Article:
All told, McDonalds' behavior was reprehensible and characterized by duplicity. Even in capitulation, the company refused to credit local commiunity groups for their decision to abandon foam packages.

The McToxics Campaign

How do you link together grassroots community groups across the United States dealing with solid and hazardous waste issues into a nationwide campaign to force waste reduction? In a series of roundtable titled the Solid Waste Action Project, leaders of grassroots community groups hashed out a working plan. First, a common set of goals was derived.

This platfrom developed out of CCHW's roundtables and the 1986 Grassroots Convention. It was first outlined in CCHW's Solid Waste Action Project Guidebook, August 1987 (a tactical manual on fighting solid waste disposal facilities derived from these discussions). Out of those discussions, also came the "McToxics Campaign", designed to focus on a major producer of solid waste. The waste of particular concern was plastic packaging. But who would be the target? The key was to identify a conspicuous target that was vulnerable to public pressure. CCHW's Karen Stults, in Business and Society Review, explained the choice.

In 1986, McDonalds Corporation gave money awards to 51 organizations working to improve the health education and rehabilitation of youth. McDonalds opened their one hundreth Ronald McDonald House to provide inexpensive, near-site housing to parents of hospitalized children. McDonalds likes to promote the banner "Good Corporate Citizen."

In 1987, McDonalds was identified by Modern Plastics as the foam packaging king, using 70 million pounds of the chemical styrene to keep the hot side hot and the cold side cold. That year foam food packagers were also under assault from several major environmental groups for their use of ozone killing CFC's (clorofluorocarbons) in the manufacture of foam. On August 1, 1987, Vermonters Organized for Cleanup kicked off CCHW's "McTozics Campaign" by launching a series of actions to ban the use of foam food packaging in Vermont. The Vermont actions were to be followed by in October by a nationwide "Day of Action" against McDonalds restaurants. McDonalds moved to duck the issue, joining foam makers in a news conference on August 5, to announce a "voluntary" end to the uses of CFCs in styrofoam food packaging.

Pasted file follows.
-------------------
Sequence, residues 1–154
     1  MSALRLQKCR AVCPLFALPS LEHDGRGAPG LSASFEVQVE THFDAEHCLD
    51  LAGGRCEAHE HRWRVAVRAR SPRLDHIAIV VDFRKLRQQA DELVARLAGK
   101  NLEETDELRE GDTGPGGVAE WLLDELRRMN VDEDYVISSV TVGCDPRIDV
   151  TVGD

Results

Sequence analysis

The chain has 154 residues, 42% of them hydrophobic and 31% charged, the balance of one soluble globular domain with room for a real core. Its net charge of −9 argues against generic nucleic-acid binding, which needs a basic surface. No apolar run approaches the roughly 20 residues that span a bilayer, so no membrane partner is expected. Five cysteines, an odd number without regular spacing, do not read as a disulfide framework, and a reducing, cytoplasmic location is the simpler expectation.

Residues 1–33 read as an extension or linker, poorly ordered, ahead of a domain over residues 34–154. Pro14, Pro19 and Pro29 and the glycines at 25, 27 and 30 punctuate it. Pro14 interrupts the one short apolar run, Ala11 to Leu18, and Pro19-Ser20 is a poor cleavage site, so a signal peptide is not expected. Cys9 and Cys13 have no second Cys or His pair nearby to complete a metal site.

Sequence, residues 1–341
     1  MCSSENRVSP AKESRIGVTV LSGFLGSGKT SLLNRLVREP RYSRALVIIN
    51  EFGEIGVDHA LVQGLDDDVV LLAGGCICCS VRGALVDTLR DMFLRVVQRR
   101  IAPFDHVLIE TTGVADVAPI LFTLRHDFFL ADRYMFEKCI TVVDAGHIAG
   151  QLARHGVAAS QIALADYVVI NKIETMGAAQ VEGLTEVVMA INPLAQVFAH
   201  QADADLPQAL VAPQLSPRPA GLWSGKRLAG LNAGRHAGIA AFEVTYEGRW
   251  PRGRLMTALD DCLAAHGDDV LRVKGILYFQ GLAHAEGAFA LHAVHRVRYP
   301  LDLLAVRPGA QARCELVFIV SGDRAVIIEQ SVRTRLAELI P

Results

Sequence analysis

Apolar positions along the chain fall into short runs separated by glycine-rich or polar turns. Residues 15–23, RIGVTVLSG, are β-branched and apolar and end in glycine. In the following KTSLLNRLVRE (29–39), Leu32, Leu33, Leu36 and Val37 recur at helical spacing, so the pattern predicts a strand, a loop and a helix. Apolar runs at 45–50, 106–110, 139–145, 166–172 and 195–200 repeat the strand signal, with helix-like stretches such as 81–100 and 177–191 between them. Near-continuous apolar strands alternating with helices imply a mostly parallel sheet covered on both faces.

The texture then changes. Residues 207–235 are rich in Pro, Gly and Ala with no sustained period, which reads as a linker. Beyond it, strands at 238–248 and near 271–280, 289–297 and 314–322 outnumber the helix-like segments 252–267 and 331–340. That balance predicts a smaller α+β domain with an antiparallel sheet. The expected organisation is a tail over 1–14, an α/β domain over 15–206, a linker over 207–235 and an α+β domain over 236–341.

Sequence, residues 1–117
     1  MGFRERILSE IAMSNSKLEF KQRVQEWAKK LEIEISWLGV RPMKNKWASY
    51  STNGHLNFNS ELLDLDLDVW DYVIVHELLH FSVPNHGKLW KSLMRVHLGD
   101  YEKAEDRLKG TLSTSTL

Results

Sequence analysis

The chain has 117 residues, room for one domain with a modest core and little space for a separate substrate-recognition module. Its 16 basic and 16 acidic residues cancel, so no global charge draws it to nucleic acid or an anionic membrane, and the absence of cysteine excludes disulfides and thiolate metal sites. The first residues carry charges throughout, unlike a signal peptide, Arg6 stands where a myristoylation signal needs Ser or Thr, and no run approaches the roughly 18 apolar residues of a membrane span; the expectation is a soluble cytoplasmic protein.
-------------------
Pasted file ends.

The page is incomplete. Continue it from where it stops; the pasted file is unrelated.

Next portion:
The move was hailed as a victory by the Environmental Defense Fund, Natural Resources Defense Council, and Friends of the Earth. Two years later, the Washinton Post blasted the three environmental groups for cutting a deal with the foam makers to hush up the fact that the replacement foaming gas was just a renamed CFC. The major manufacturers of foam had petitioned the EPA to change the name of CFC-22 to HCFC-22. EPA allowed the change, and industry announced that from now on their foam would be "CFC free" and the new gas would be less harmful to the ozone. Curtis Moore, writing for the Post, termed the word game "McTruth," adding, "What group renamed this CFC and why, is unclear-but it's plain that what's suffering is the truth. For the chemcial is now what it always was: an ozone destroyer." EDF head Fred Krupp defended his part in the deal, "We don't condone the semantics games played on this issue, but the basic fact remains that one industry decided to act reponsibly." Grassroots groups did not accept the concession. They were concerned with backyard dumps and not ozone holes.

The McToxics Campaign went on. In October, the rest of the country joined in a series of over 200 grassroots actions, targeted on McDonalds, pressing to end excessive plastic packaging. The McToxics Campaign evolved into a worldwide consumer and environmental movement for solid waste and plastics use reduction.